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Jan Drewniak
Jan Drewniak

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Why isn’t `0` a valid time value in CSS?

If you’ve ever written a CSS transition property like the one below:

.a {
    transition: translate 0 ease-out 0; 

You’ll notice that Devtools informs you that the CSS is invalid.

Rewrite that line adding the ms unit after the zero:

.a {
    transition: translate 0ms ease-out 0ms; 

And the CSS is fine and dandy.

So what’s the difference between 0 and 0ms?

The first value is a plain, unitless number (and let’s agree that zero is in fact a real number). In the CSS specification, numbers are referred to as numeric data types. The numeric data types in CSS include the following:

  • <length> type - (px, em, rem ...there’s a tonne)
  • <angle> type - (deg, grad, rad, turn)
  • <frequency> type - (Hz, kHz)
  • <resolution> type - dpi, dpcm, dppx

On Zero

But the unitless zero isn’t mentioned in any of those! The only mention of zero in the specification is a single line regarding length units:

For zero lengths the unit identifier is optional (i.e. can be syntactically represented as the <number> 0).

CSS Values 3, lengths

So this implies that you can only use a unitless Zero as a <length> unit. Ok... but why is that the case?

A bit of history

To understand why the unitless zero is only valid for length values and not others, we have to go beyond the spec and read some of the conversation around it.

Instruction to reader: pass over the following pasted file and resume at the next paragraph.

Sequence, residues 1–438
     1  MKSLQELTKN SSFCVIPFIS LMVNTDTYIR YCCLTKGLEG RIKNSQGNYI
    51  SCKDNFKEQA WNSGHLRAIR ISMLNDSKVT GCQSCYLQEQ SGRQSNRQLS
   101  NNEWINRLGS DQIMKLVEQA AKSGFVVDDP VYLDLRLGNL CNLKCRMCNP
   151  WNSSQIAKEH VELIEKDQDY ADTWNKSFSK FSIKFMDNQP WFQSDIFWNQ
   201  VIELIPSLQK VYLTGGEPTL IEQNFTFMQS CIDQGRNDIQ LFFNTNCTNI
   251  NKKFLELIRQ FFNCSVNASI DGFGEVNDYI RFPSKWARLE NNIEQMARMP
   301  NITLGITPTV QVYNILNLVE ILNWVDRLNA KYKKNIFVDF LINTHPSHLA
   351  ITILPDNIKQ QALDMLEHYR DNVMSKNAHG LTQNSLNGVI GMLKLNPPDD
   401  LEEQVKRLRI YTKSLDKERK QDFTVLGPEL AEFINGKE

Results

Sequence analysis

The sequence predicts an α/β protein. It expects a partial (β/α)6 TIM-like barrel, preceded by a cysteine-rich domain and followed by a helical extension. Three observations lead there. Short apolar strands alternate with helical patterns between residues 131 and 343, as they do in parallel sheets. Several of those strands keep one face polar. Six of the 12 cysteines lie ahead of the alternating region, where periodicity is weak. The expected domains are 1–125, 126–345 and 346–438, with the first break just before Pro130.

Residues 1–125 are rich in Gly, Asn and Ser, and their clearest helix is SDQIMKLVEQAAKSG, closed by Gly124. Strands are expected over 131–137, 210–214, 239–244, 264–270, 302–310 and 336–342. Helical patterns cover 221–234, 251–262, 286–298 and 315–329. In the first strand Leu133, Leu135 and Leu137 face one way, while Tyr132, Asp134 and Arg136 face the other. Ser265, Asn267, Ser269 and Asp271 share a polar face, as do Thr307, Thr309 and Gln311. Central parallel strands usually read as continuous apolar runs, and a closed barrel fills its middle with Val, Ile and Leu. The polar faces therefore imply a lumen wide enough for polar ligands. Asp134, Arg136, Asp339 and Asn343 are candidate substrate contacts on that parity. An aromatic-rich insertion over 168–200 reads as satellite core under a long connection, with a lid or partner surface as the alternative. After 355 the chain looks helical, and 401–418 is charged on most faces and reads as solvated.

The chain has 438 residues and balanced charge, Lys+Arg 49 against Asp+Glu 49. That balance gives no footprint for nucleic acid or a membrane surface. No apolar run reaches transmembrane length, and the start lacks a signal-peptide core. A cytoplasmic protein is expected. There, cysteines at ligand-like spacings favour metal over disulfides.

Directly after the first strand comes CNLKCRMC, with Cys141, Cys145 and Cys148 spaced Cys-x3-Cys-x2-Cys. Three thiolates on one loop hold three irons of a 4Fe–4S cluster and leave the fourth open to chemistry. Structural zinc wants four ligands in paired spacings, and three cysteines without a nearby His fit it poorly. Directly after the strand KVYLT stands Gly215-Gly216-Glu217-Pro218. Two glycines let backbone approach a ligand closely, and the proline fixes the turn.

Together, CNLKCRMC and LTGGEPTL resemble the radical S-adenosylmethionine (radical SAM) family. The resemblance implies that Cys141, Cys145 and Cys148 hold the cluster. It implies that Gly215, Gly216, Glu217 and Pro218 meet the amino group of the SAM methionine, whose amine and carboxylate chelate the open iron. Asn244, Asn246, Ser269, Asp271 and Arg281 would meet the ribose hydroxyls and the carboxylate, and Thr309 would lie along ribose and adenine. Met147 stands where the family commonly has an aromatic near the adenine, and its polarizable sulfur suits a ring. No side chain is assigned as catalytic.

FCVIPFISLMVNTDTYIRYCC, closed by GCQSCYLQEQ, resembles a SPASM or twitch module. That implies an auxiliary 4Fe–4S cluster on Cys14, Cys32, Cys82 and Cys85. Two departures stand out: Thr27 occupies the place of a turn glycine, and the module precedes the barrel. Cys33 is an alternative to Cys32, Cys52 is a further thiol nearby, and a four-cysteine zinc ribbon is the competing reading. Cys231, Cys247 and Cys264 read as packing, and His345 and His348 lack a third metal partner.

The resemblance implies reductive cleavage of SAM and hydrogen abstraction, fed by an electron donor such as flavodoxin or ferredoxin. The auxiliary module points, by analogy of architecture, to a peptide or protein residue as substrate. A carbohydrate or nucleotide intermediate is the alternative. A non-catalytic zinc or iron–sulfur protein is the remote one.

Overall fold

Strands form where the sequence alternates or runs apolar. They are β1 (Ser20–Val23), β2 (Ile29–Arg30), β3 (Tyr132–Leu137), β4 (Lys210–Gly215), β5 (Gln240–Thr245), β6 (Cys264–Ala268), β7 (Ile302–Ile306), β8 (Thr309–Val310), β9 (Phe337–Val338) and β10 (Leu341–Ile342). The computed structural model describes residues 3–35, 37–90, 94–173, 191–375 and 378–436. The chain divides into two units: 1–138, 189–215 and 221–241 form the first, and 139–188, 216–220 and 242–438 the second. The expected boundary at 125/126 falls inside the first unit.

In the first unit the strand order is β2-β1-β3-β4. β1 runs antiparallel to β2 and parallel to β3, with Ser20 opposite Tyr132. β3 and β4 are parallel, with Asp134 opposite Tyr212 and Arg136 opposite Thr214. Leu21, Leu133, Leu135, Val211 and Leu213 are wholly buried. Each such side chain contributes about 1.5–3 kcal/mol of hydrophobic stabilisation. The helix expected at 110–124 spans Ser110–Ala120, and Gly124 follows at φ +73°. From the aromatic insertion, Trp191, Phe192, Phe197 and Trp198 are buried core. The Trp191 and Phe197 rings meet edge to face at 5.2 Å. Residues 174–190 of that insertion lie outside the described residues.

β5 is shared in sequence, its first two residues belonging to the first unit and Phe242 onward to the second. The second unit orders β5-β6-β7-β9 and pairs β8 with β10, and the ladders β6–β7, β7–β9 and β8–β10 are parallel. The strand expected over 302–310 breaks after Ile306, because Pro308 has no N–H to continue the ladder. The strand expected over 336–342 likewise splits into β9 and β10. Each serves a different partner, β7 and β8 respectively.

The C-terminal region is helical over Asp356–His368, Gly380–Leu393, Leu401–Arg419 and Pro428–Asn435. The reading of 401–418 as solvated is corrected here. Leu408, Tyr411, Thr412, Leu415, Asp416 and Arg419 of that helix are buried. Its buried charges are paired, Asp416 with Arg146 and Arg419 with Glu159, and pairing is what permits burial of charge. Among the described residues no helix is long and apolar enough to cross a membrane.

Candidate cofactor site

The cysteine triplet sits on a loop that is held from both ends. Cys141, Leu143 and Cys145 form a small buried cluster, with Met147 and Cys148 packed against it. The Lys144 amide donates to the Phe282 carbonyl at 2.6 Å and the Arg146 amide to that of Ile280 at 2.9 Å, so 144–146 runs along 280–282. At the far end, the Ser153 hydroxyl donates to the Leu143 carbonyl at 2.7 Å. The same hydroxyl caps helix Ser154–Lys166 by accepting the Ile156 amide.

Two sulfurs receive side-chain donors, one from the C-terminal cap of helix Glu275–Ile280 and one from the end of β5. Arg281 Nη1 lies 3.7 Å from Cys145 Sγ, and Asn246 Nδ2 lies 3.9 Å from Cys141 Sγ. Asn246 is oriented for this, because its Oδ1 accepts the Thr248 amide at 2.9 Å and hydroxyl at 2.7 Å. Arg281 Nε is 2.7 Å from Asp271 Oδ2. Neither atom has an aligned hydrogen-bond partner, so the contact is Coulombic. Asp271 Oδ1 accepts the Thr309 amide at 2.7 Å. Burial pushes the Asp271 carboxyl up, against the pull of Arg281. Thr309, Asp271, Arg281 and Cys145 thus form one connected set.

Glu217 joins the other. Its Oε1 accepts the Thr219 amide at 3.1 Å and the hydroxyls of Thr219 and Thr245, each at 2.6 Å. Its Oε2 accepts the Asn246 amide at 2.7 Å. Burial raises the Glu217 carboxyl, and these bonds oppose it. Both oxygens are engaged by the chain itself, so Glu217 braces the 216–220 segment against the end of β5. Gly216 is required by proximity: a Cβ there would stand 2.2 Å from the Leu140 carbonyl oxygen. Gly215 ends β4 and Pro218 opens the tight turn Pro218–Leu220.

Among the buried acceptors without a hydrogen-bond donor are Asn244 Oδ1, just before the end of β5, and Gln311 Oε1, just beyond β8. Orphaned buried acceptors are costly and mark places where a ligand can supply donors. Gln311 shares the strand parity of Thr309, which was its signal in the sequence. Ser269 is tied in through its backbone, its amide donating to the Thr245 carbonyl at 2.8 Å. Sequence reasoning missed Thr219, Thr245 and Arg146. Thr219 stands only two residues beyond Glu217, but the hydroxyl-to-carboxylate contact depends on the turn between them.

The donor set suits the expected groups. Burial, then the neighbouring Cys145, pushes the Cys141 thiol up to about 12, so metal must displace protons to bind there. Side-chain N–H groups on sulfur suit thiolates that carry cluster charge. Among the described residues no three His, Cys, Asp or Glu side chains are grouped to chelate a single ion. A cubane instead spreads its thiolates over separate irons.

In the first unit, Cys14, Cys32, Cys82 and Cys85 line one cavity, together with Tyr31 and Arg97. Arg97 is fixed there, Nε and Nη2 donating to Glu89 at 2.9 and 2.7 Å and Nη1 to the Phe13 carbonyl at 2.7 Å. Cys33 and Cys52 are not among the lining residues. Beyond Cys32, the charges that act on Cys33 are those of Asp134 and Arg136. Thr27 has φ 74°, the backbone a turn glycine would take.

Luckily, W3C conversations around the specification are all transcribed and recorded on public mailing lists. Here’s part of a meeting of the CSS Working Group from March 2016:

glazou: From author's perspective, 0 is 0 and you don't need a unit.
glazou: Did consider in the past.
glazou: Same argument for 0 vs 0px.
glazou: Should we make the same choice today?
glazou: Isn't 0 the same as 0deg?

And here’s another one from April 2017:

TabAtkins: A while back in a meeting I missed we decided to allow
unitless 0 for all angles because there were places
where impl allowed it. I don't think we did for all
fantasai: Correct.
TabAtkins: Even just on length vs angle it causes grammar
in motion where the shorthand can combine a
length and angle. In general this will become a
problem. Unitless 0 are a legacy mistake. This will
cause footguns in the future. I would like to revisit
the decision and make it unitless 0 angles in the
functions that allow them as a legacy thing and then
restrict to just lengths in grammars.

Hmmm... “Unitless 0 are a legacy mistake”? That sounds interesting. Could it be that the unitless zero is just a bad idea, and it works for lengths but not other number types because lengths were implemented first? Let’s take the unitless zero for a spin and see if it causes any “ambiguity or confusion in the grammars”.

Is unitless zero just a mistake?

Let’s take the animation example from MDN:

.a {
    /* @keyframes duration | timing-function | delay | 
    iteration-count | direction | fill-mode | play-state | name */
    animation: 3s ease-in 0s 0 reverse both paused slidein;

The full animation shorthand contains an iteration-count value, which is a unitless number. If unitless zeros were allowed for time values, it would look like this:

.a {
    animation: 3a ease-in 0 0 reverse both paused slidein;

Oh yeah, that does look confusing. See the 0 0? which is the time value and which is the iteration count?

So I guess, as Tab Atkins put it, the unitless zero in most cases is just a footgun.

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